Episode 15 - The first jetliner crash, Comair flight 5191 on the wrong runway & a crocodile in a bag

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By Plane Crash Diaries and Desmond Latham. Discovered by Player FM and our community — copyright is owned by the publisher, not Player FM, and audio is streamed directly from their servers. Hit the Subscribe button to track updates in Player FM, or paste the feed URL into other podcast apps.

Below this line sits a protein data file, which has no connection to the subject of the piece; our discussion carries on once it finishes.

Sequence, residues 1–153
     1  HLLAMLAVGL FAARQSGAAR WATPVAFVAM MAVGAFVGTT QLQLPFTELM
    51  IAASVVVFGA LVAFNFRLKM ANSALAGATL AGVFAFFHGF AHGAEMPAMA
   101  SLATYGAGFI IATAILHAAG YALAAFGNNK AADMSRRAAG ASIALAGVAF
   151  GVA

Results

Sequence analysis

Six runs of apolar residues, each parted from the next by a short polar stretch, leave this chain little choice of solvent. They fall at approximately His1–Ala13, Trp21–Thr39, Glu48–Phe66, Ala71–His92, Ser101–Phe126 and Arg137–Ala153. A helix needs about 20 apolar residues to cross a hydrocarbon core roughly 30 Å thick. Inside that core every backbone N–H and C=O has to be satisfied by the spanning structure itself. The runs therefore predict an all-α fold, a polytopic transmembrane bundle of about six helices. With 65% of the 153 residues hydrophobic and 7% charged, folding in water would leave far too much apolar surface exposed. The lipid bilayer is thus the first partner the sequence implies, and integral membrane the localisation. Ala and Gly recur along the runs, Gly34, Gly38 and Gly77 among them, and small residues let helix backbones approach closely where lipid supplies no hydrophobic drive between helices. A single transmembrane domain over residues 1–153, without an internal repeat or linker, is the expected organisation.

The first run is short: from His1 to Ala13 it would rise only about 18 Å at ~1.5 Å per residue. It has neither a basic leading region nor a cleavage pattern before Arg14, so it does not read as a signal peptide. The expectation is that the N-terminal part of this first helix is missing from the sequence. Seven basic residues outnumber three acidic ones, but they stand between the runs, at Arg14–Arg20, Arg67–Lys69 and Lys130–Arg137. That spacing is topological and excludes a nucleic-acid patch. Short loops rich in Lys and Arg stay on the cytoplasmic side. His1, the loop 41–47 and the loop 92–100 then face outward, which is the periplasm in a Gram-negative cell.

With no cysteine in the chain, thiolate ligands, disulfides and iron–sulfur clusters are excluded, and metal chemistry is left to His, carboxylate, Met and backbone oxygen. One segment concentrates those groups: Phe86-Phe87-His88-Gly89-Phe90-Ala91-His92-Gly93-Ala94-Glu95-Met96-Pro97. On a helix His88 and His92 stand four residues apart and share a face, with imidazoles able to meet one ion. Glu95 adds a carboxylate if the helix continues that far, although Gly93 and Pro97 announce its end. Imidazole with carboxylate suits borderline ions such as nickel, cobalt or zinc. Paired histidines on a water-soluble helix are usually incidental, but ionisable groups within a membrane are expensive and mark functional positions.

This is episode 15 and its all about unusual accidents including one that most likely involved a crocodile. But let’s start with what was called the first ever jetliner crash in 1953.That was an incident involving a de Havilland DH-106 Comet 1A registration CF-CUN operated by Canadian Pacific Airlines at Karachi-Mauripur RAF Station (OPMR) in Pakistan. The plane was a scant two months old when it crashed on take-off carrying eleven people, five crew and 6 passengers. The Comet aircraft was named "Empress of Hawaii" and was being delivered to Canadian Pacific Air Lines. The operator planned to use Comet to start a service between Sydney in Australia and Honolulu in Hawaii. ON April 28th 1953 it was being flown to Sydney after the flight crew had completed Comet Jet conversion training in the United Kingdom. It’s next phase of the long haul was supposed to be a hop from Karachi to Singapore. Another example of pilot error that has led to thousands of pages of legal documents changing hands was an accident on 27 August 2006 involving a CRJ-100ER jet operating as a Delta Connection Comair Flight 5191 scheduled to fly between Lexington in Kentucky and Atlanta in Georgia. The issue here was two runways side by side – but they are not parallel. Runway 22 and Runway 26. What that means is that they face 220 degrees, which is South West, and 260 degrees – which is west south west. This had confused pilots before, and was particularly confusing at night. The signage was also not satisfactory. Finally one of the more bizarre accidents in 2010 at Bandundu in the Democratic Republic of the Congo which involved a crocodile. The aircraft was a 1991-built Let L-410 Turbolet, registration 9Q-CCN. On 25 August 2010, the jet Filair crashed on approach to Bandundu Airport in the Democratic Republic of the Congo, killing all but one of the 21 people on board. The aircraft had been operated as a round-robin domestic flight from Kinshasa the DRC capital, and doing a milk run stopping at Kiri, Bokoro, Semendwa and finally Bandundu. At 13:00 local time while on final approach to Bandundu Airport, the aircraft crashed into a house 1 kilometre short of the runway.

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